Anne Margaret Smith
Dr. Anne Margaret Smith has taught English for 25 years in Kenya, Germany, Sweden and the UK. She is also a dyslexia specialist tutor and assessor. She founded ELT well with the intention of bringing together best practice from the two fields of ELT and SpLD support, and now offers materials and training to teachers, as well as specialist teaching to dyslexic learners. She was recently instrumental in setting up the new IATEFL SIG: Inclusive Practices and SEN. Find out more: www.ELTwell.com
Identifying the Needs of Learners with Specific Learning Differences
It is not always easy to be sure if a learner’s difficulties are due to a cognitive difference, such as dyslexia, or if there are other barriers to learning. This is particularly the case if the learner – or the parents – are reluctant to undertake a formal assessment. However, it is very important that teachers find out as much as possible about our learners, so that we can decide the best way to teach them.
In this session, we will look at some simple activities that can be done in class, or in a 1:1 situation, to explore which aspects of learning may be more difficult for learners. These are activities that are independent of first language or second language proficiency and can be combined to create a comprehensive picture of the learner’s cognitive profile.
Dina Tsagari is a Professor in English Language Pedagogy/TESOL, Department of Primary and Secondary Education, OsloMet – Oslo Metropolitan University, Norway. She holds a PhD in Linguistics from Lancaster University (with specialisation in the area of language testing/teaching), UK. She has previously worked for the University of Cyprus, the Greek Open University and the Polytechnic University of Hong Kong. Her research interests include language testing and assessment, teacher training, materials design and evaluation, differentiated instruction, multilingualism, distance education and learning difficulties. She is the editor and author of several volumes, journal papers, and book chapters and the coordinator of the Classroom-based Language Assessment SIG – EALTA. She is currently coordinating and participating in research projects on second language assessment literacy (www.taleproject.eu), identifying linguistic parameters accounting for progress in proficiency in high-stakes tests and authentic language acquisition in multilingual contexts, among others.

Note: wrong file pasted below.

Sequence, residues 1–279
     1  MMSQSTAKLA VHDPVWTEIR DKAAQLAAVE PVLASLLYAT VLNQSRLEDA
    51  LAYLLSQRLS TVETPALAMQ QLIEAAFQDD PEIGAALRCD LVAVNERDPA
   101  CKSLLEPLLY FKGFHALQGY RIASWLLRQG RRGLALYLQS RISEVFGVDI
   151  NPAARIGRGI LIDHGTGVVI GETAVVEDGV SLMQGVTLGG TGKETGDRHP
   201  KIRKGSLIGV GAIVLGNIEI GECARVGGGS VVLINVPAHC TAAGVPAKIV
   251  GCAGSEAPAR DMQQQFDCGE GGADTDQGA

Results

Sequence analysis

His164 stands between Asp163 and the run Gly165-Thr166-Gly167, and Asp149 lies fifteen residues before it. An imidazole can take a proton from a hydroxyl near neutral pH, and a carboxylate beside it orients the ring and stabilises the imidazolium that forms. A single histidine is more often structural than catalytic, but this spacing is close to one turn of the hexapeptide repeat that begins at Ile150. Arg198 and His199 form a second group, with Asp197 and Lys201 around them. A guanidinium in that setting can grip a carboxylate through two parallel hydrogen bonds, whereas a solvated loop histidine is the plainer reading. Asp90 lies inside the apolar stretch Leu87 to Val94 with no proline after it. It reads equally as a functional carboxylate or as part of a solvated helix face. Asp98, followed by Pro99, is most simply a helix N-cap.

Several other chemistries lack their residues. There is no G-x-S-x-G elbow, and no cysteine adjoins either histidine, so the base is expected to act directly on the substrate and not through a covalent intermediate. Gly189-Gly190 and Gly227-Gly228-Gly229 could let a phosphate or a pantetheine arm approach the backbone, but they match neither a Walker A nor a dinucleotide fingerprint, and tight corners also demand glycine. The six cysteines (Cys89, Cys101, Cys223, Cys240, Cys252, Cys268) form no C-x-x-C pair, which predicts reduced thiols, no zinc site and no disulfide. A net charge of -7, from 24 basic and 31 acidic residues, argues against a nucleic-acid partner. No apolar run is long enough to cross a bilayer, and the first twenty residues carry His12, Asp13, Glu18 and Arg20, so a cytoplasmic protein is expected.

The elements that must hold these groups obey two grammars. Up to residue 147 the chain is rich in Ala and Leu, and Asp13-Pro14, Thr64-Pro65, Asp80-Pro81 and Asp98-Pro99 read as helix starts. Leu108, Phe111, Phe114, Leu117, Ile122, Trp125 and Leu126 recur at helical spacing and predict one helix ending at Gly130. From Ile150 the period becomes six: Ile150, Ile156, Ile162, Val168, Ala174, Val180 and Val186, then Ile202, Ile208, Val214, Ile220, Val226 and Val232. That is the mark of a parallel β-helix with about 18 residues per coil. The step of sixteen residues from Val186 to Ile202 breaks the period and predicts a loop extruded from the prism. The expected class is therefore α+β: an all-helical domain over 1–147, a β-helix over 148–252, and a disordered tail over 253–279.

Assessment and Testing of l2 Students with SpLDs
The population of students around the world these days is becoming increasingly diverse, both culturally and linguistically. The numbers of children diagnosed with specific learning differences, SpLD (e.g. dyslexia, dyspraxia, dyscalculia, Attention Deficit and Hyperactivity Disorder) and the number of students enrolled in special education are steadily increasing. This situation has placed an emphasis on appropriate teaching and assessment provision. These issues are of particular concern to second or foreign language teachers (Kormos and Smith, 2012; Nijakowska, 2010) and test providers (Taylor, 2012; Tsagari and Spanoudis, 2013) who are very often faced with the challenge of having to offer special arrangements (accommodations) to second language (L2) learners with SpLDs.
The presentation summarizes current discussions and research findings in the field of language assessment for L2 learners with SpLDs, and identifies key stakeholders who are closely connected to successful assessment and discusses their obligations and responsibilities. The presentation also identifies good practices and issues for improvement in both external and classroom-based assessment that are in need of attention. Finally, the presentation offers examples to practitioners and suggestions to future researchers as to the areas for improvement of assessment of L2 learners with SpLDs.